One of the things I’m proudest of that I did under Mayor Bloomberg was start a pilot program working with [Correction Commissioner] Marty Horn, where we gave some of our housing vouchers to folks coming out of Rikers. A year later, 95% of them were stably housed, getting back to work, and hadn’t re-offended — dramatic results. Imagine what we could do if we took some of that $400,000 a year, put it not just into housing but job training, and expanded many of these community-based efforts that are really working. We could break the cycle of incarceration.
HW: You talk about your access to decision makers. Obviously, you have access to the man that you worked for — President Obama. Do you expect that he will be endorsing you?
SD: Well, he’s already said publicly that he doesn’t see it as his role to endorse [candidates] in a Democratic primary. But you also may have seen that he was very complimentary about the work that I’ve done in crisis after crisis in this city and in this country. And that’s the record that I’m running on: that I was trusted by Mayor Bloomberg, by Barack Obama, by Joe Biden, by so many people, to lead [through] crisis after crisis.
HW: What is the Shaun Donovan path to victory at this point? Some of the other candidates are ahead of you in the polls. There’s still obviously time left to make your case, but is there a lane for a relatively affluent private-school kid, Harvard-educated, who hasn’t been involved in New York City politics in the last few years?
SD: Well, not only is there a path, but I wouldn’t trade my path in this race with anybody else. And here’s why: New Yorkers really want change. They wanted change before Covid hit, and they absolutely want change now. Almost every other candidate in this race represents the status quo in some way. They worked for Mayor de Blasio; they’re current elected officials. There are very few of us that represent real change.
And usually the change candidate has the least experience. I actually have the most, compared with the other candidates who aren’t part of the current government in New York City. I’m the only one that has real experience in government. And so what we’re finding is that’s what New Yorkers want. And in fact, you’ve seen the recent polls — I’m rising faster than anyone in the polls. I’m now in the top tier. And most importantly, that’s happening when I have less name recognition than the other candidates in the race.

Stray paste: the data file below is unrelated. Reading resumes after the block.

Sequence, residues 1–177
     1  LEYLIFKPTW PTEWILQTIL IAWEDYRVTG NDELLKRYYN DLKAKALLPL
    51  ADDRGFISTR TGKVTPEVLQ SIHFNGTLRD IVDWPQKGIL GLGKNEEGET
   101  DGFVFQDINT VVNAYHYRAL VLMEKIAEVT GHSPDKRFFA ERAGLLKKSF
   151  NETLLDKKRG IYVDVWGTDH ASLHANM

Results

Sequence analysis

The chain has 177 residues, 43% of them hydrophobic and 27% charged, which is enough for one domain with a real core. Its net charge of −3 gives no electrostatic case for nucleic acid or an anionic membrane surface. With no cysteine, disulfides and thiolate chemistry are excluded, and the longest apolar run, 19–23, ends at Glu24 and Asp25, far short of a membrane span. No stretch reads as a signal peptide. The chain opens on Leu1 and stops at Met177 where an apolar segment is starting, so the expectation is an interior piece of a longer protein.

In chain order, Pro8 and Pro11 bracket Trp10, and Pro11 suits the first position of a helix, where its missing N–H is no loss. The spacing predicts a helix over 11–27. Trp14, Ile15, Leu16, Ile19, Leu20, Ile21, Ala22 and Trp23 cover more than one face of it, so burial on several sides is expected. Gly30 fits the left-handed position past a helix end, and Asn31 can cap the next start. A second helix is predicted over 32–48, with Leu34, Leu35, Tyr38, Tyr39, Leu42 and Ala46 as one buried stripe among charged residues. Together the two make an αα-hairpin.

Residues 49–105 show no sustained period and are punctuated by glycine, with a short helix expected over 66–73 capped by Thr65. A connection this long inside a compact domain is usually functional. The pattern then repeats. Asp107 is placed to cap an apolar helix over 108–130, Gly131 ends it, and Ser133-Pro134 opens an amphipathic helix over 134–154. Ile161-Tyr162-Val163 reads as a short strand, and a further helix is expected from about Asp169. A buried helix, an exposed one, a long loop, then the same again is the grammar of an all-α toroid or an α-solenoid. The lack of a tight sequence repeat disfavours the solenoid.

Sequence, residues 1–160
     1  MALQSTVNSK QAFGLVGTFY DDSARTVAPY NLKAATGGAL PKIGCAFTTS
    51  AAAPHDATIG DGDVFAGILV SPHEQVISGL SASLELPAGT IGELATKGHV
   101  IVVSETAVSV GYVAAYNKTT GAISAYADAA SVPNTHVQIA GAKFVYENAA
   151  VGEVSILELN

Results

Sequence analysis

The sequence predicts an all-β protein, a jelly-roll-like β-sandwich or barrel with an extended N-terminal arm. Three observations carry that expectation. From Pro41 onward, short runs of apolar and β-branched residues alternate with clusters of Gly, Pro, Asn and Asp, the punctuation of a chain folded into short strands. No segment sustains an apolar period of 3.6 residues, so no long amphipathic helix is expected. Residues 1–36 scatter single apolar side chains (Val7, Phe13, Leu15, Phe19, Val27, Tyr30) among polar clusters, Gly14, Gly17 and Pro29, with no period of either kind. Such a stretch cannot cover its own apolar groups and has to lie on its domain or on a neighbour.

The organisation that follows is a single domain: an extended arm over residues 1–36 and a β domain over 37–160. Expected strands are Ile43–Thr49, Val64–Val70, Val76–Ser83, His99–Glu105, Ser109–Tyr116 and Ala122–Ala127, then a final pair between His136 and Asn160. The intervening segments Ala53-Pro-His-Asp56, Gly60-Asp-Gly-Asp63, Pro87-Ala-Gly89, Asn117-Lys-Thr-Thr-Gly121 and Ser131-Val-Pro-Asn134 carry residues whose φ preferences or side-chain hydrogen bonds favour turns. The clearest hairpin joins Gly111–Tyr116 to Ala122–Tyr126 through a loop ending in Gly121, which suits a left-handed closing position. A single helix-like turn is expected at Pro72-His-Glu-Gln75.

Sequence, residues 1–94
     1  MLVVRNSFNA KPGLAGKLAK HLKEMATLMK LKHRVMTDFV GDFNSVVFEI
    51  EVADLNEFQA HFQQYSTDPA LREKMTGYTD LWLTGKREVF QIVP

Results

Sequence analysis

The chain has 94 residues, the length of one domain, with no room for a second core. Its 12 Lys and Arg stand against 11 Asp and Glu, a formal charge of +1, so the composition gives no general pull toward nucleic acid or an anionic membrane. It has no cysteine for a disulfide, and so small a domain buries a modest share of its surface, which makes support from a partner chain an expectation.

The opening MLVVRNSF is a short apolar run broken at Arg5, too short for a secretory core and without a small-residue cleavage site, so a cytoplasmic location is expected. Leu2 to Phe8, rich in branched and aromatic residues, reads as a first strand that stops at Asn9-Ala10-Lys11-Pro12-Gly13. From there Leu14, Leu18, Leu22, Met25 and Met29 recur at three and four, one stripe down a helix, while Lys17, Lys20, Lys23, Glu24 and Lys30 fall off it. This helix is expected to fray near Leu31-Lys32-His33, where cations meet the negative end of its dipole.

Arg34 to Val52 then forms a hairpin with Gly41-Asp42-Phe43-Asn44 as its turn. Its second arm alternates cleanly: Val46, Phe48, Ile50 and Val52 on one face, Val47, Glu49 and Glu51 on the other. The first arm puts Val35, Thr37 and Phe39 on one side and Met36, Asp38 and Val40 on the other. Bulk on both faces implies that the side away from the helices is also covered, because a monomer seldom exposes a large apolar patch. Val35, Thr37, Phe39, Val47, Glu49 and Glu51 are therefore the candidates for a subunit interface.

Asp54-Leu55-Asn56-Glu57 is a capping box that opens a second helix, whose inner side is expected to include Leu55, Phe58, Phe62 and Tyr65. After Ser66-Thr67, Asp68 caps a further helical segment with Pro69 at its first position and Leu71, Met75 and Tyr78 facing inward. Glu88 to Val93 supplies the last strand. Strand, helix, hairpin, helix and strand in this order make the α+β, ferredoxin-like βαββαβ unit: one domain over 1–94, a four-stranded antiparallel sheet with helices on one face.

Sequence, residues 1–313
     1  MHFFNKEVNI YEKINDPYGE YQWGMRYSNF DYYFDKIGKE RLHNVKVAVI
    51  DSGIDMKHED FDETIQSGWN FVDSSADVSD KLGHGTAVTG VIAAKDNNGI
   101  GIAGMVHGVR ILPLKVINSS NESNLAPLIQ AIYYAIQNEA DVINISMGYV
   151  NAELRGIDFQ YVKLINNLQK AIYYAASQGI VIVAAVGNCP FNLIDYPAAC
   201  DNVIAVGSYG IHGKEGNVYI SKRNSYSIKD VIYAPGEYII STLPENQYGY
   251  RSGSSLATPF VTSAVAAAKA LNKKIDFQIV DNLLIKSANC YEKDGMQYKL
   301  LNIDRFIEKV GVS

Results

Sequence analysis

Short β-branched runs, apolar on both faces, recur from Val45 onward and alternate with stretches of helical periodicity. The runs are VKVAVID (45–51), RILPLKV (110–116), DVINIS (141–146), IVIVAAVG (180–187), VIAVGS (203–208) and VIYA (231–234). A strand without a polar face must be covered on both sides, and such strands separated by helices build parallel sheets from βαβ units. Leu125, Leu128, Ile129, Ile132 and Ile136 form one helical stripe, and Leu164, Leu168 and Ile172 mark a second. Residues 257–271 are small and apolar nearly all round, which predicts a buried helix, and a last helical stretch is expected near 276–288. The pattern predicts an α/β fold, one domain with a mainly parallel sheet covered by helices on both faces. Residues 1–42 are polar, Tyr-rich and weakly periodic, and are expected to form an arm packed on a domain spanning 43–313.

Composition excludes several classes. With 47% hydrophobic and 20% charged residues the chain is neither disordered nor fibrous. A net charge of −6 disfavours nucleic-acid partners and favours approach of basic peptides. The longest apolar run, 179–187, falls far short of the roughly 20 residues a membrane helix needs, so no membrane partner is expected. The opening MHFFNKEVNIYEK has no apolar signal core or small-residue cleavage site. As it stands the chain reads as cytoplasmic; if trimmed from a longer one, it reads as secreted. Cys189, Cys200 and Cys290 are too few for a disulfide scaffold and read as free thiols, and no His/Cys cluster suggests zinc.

I mean, you know this better than I do; you’re an expert on campaigns. [With] modern mayoral campaigns, we absolutely know that building name recognition is possible. Mayor de Blasio was in, you know, fifth place at this point. Lori Lightfoot in Chicago; Mike Nutter and Jim Kenney in Philly; Kasim Reed in Atlanta — all of them rose from being in fifth to seventh place early on, to winning. Because they were the right candidate at the right moment, and they ran good campaigns. And I believe I’m the right candidate at the right moment.
And as you know, ranked-choice is something that really does favor a candidate like me. It increases turnout. It requires [you] to run a more optimistic, visionary campaign, because when you run negative, you actually hurt yourself in ranked-choice. And finally, you have to [campaign] everywhere in the city. You have to get to 50% of New Yorkers, and at the end of the day, you’re not going to be able to win if you run an old machine-style campaign where you’re just hoping to get to 30% and then squeak into a runoff. You’ve really got to go everywhere and appeal broadly to New Yorkers. And what we’re finding is that’s what’s happening with me: I’m able to appeal in many, many different parts of this city.